Martin Luther King was an African-American minister and probably the most famous activist of the fight against segregation and white supremacy. This autobiography is a must-read if you want to educate yourself on the Black Lives Matter movement; King was a pioneer for equality in the days where segregation was the standard in the United States. Starting with his childhood, the author describes King's journey to becoming a minister, his emergence as a leader during the Montgomery bus boycott, his fundamental role in the civil rights march in Washington, D.C., and his multifaceted relationship with several leading figures of the day. MLK had an unwavering moral courage and was an inspiration to thousands of civil rights activists. He inspired the movement itself, which aimed to end racial discrimination set against black Americans. King won a Nobel Peace Prize in 1964, and his "I have a dream" speech is still as impactful today as it was back when he first uttered its words in 1963.

Read chp1 excerpt: This was a rather difficult year for me. I have had to confront the brutality of police officers, an unwarranted arrest, and a near fatal stab wound by a mentally deranged woman. These things were poured upon me like staggering torrents on a cold, wintry day.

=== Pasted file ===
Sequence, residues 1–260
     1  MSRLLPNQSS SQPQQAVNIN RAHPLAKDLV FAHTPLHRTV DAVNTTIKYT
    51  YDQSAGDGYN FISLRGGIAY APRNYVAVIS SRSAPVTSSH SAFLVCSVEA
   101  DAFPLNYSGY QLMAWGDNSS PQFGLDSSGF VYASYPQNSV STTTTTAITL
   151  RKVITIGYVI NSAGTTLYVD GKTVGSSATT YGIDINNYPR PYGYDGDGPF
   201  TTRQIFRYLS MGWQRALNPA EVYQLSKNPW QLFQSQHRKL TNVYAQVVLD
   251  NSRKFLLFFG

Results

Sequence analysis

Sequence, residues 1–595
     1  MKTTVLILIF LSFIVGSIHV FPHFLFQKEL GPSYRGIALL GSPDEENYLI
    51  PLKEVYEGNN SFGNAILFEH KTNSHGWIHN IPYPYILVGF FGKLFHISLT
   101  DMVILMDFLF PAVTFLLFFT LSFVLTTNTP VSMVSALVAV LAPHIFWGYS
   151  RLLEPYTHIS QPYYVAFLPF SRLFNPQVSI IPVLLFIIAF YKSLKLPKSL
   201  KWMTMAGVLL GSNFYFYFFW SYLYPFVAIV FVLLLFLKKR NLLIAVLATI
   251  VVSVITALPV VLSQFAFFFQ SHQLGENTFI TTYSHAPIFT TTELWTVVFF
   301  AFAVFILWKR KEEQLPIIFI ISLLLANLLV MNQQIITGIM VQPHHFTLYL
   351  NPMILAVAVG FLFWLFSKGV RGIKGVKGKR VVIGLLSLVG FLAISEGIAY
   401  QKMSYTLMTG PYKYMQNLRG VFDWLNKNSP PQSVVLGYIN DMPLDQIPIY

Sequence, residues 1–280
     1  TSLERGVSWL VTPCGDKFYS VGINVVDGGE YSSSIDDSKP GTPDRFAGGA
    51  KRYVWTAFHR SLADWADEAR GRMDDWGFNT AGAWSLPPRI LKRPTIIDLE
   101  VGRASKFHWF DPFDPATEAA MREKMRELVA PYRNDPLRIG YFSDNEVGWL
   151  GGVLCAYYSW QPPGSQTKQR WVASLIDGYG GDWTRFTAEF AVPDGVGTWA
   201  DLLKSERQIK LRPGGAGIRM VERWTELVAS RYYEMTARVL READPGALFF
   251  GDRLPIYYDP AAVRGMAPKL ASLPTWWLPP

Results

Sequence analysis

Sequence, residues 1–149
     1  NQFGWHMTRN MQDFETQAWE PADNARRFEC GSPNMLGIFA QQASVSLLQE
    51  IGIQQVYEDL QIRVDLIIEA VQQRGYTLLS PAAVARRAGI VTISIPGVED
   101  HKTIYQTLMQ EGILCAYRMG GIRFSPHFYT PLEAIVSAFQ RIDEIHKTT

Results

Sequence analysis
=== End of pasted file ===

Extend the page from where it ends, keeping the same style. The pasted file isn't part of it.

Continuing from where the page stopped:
Average rating: 4.35| Book length:   400 pages | Audiobook length: 9 hrs and 35 mins| Originally published in: August 1986| Category: Political Figure

5.Between the World and Me

by Ta-Nehisi Coates

Black people love their children with a kind of obsession. You are all we have, and you come to us endangered― Ta-Nehisi Coates
{84626AB5-31DD-46F2-BCB9-5DD803ADEE32}Img100.jpg

Ta-Nehisi Coats’ ‘‘Between the World and Me,’’ is an unruffled piece from start to finish. The author effortlessly navigates between the historical roots of racism and their contemporary repercussions on the framework of American and global civilizations. He defines racism early on in his book. He backs up this definition with examples that he lived through: one gets immersed into his world as one experiences his early life, his pursuit of academia as a student at Howard University, his work in the Civil War battlefields, and his journey from the South Side of Chicago to the streets of Paris. His book is a letter addressed to his adolescent son through which he shares with him - and the readers - his personal narrative by exposing the past, challenging the present, and warning about the future.